PokerStars New Jersey is finally live and poker players in the state couldn’t be happier according to the latest reactions on Twitter.
Following more than 12 months of speculation, tribulations and legal wrangling, PokerStars finally announced the launch of its return to the US on Monday with a simple tweet that read: “We are LIVE in New Jersey!”
With the site finally up and running and players from across the Garden State ready to ante-up as soon as possible, the next few days are likely to be extremely busy; however, as for the launch itself, it was much more of a sedated affair.
Detailed by PokerStars’ Lee Jones on the operator’s official blog, the “big launch” involved just five people (Jones included) in a relatively unassuming room inside Atlantic City’s Resorts Hotel and Casino.
Following the March 16 soft launch that allowed 500 people to test the new software, the five employees quietly turned on the site at 12:01 am on March 21 and with that PokerStars New Jersey was live.
After more than five years without PokerStars operating in the US, many of the game’s top pros have decided to relocate to New Jersey just so they can play online again.
Jason Mercier was quick to signal his intent and tweeted on Sunday that he is finally “leaving Vegas” ready for today’s launch.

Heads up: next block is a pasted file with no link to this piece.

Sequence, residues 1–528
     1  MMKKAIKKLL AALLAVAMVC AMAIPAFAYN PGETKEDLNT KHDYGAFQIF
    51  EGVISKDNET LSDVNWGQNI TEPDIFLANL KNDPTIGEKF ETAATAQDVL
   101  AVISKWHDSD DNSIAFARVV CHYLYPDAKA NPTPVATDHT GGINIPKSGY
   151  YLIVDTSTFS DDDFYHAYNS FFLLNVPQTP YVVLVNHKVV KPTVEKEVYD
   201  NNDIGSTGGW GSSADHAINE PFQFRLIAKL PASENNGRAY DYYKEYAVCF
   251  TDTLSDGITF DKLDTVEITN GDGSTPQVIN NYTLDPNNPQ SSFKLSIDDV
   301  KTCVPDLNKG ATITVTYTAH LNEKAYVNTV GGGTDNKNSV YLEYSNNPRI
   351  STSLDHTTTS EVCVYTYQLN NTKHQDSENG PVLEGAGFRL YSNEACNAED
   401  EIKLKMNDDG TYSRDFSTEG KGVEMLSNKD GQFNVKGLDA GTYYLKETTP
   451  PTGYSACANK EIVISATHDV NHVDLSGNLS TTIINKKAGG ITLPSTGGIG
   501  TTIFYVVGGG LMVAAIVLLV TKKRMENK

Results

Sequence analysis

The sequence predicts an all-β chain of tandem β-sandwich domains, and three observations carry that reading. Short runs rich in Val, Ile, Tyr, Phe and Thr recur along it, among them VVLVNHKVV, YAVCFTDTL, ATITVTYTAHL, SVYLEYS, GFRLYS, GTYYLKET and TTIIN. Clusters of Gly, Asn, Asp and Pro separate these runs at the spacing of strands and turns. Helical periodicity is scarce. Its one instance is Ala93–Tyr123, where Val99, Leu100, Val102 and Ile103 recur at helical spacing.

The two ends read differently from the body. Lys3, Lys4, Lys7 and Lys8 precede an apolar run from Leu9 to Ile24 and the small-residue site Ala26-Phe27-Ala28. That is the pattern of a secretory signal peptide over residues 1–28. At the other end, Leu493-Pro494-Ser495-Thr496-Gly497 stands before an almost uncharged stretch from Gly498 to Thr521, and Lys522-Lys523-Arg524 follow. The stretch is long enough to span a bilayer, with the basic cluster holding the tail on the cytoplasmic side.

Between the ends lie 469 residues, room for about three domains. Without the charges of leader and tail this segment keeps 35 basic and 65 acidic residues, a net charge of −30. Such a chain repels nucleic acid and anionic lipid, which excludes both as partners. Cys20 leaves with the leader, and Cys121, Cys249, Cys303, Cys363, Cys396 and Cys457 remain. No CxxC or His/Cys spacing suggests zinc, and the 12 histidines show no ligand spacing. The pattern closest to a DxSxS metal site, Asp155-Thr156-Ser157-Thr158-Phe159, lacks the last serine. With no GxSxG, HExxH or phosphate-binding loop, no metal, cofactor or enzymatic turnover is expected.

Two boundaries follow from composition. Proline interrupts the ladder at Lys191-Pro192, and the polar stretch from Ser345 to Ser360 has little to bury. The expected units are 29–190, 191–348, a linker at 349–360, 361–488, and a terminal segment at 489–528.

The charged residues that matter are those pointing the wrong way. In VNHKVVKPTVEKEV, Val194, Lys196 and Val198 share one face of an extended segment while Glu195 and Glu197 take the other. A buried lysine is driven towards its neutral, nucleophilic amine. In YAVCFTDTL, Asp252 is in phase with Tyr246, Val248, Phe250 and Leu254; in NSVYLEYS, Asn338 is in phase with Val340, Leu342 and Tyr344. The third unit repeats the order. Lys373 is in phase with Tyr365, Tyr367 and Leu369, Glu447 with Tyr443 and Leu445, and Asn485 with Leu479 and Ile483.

Also joining the flock of players migrating to New Jersey was Jason Somerville. The PokerStars pro who hosts a popular live stream called Run It Up told his Facebook fans to get ready for his first stream from New Jersey.
“The wait is nearly over! daily streams on PokerStars from New Jersey begin tomorrow at 12pm PT/3pm ET/7pm GMT/8pm CET on runitup.tv! #letsjuststream,” wrote Somerville.
When the inevitable chorus of excitement eventually dies down, the big question many in the industry will be asking is how well can PokerStars New Jersey perform?
Since the state regulated online gaming back in 2013 the poker economy has struggled.
The latest financial round-up from the New Jersey Division of Gaming of Gaming Enforcement (DGE) proved to be positive reading for the state’s online casino sites with revenue up 2.2 percent compared to January and 52.6 percent up year-on-year.
Unfortunately, the same can’t be said for poker. Total revenue of $1.99 million represented a 7.3 percent drop in January’s takings and a 2.5 percent decline. Entering a struggling marketplace certainly isn’t what PokerStars would have wanted, but there’s every chance it can help reverse this trend.
While it may take some time for PokerStars to become the largest operator in the state and put poker revenue on a positive trajectory, it’s certainly possible as the brand still has a lot of credibility in the US.
For now, however, players in the state are simply happy that they can now play at PokerStars once again.